Table of Contents
- Those who climb Mount Everest will have to take their excrement to base camp
- The rules come amid concerns that excrement left on Everest is not completely degrading.
It’s something that’s on many people’s wish lists.
But if you’ve always dreamed of climbing Mount Everest, the new regulations may make you reconsider.
People climbing the world’s tallest mountain will now have to bring their own poop to base camp.
The new rules come amid concerns that excrement left on Everest is not completely degrading, and some climbers are even falling ill.
“Our mountains have started to stink,” said Mingma Sherpa, president of Pasang Lhamu Rural Municipality, bbc.
It’s something that’s on many people’s wish lists. But if you’ve always dreamed of climbing Mount Everest, the new regulations may make you reconsider.
People climbing the world’s tallest mountain will now have to bring their own poop to base camp
Until now, climbers who scaled Mount Everest tended to dig holes to go to the bathroom or simply get outdoors.
However, as temperatures are known to drop to -60°C (-76°F), the excrement does not completely degrade, leaving human feces visible on the rocks.
To counter this problem, Pasang Lhamu has taken the decision to force people climbing Mount Everest and nearby Mount Lhotse to ask for excrement bags at the base camp to collect their waste.
According to the BBC, these will be “checked upon return.”
While the idea of transporting your waste may seem disgusting, poop bags are specially designed to make collection as dignified as possible.
According to the BBC, the chemicals contained in the bags not only solidify the waste, but also make it “virtually odorless.”
While the SPCC itself regularly climbs the mountain in search of trash, each of the climbers must pick up 17 pounds (8 kg) of trash they find along the way.
Each bag can be used five to six times, meaning most climbers should only need to carry two during their expedition.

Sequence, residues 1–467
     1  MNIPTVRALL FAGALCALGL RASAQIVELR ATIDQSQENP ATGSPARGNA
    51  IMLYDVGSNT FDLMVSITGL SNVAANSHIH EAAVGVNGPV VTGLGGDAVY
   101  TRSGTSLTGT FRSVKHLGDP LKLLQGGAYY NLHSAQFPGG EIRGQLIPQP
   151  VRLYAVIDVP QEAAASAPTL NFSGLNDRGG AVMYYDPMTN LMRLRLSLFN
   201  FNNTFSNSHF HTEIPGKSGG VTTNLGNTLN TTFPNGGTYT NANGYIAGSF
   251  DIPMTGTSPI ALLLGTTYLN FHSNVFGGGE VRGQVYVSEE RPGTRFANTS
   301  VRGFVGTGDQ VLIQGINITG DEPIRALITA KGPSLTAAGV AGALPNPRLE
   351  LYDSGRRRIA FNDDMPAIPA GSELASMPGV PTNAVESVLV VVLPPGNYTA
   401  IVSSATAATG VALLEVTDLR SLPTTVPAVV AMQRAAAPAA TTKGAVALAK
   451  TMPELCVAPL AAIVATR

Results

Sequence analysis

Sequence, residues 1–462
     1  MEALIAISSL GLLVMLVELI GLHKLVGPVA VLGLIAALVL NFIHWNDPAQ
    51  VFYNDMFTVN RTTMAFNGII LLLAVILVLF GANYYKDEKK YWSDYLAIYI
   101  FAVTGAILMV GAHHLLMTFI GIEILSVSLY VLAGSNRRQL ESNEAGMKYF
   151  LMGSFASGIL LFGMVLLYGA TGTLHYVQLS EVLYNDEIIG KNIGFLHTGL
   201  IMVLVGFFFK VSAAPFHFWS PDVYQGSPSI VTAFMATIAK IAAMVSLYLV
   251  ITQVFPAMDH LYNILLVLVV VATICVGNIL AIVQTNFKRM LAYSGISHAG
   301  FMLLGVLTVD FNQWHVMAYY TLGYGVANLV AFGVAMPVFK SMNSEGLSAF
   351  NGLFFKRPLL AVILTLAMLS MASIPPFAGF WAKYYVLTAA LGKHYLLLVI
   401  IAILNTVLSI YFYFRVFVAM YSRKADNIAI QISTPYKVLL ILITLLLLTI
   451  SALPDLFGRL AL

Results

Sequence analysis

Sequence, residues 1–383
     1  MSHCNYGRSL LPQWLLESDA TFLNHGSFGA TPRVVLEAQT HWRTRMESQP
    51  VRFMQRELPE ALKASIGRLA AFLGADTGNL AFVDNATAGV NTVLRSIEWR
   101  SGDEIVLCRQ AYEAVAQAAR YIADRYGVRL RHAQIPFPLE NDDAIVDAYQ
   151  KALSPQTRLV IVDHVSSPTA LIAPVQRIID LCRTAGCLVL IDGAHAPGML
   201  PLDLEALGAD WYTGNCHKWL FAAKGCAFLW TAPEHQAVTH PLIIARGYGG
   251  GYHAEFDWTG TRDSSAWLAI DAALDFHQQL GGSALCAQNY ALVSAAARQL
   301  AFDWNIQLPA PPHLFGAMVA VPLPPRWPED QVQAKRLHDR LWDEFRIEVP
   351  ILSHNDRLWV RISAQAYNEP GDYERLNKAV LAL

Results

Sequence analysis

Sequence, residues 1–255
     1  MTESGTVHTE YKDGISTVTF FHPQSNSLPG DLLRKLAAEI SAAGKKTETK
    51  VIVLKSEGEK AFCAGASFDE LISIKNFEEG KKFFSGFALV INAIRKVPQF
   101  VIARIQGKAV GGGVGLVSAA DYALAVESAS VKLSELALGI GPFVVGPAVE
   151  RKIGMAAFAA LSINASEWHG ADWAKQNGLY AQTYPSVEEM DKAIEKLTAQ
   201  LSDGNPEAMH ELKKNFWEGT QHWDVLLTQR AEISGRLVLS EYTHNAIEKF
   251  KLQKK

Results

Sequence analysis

According to Mingma, this is not the first time bags of excrement have been handed out to climbers.
“Mountaineers have been using these types of bags on Mount Denali (the highest peak in North America) and also in Antarctica, which is why we have been advocating their use,” he said.
Human waste is not the only problem faced on Mount Everest.
Decades of commercial mountaineering have turned Mount Everest into the world’s tallest garbage dump.
As the number of climbers on the mountain has skyrocketed, the problem of waste disposal has worsened.
The worst trash is found at Camp Two, which is 6,400 meters (21,000 feet) above sea level.
In 2013, Nepal implemented a $4,000 per team trash deposit that would be refunded if each climber brought down at least eight kilograms (18 pounds) of waste.
On the Tibetan side of the Himalayan mountain, they are required to lower the same amount and if they don’t, they are fined $100 (£75) per kilogram.
In 2017, climbers in Nepal dumped nearly 25 tons of garbage and 15 tons of human waste (the equivalent of three double-decker buses), according to the Sagarmatha Pollution Control Committee (SPCC).
However, this is only a fraction of the rubbish dumped each year, and only half of climbers carry the necessary amount, says the SPCC.
Instead, many climbers choose to forfeit their deposit, a drop in the bucket compared to the $20,000 (£15,000) – $100,000 (£75,000) they will have shelled out for the experience.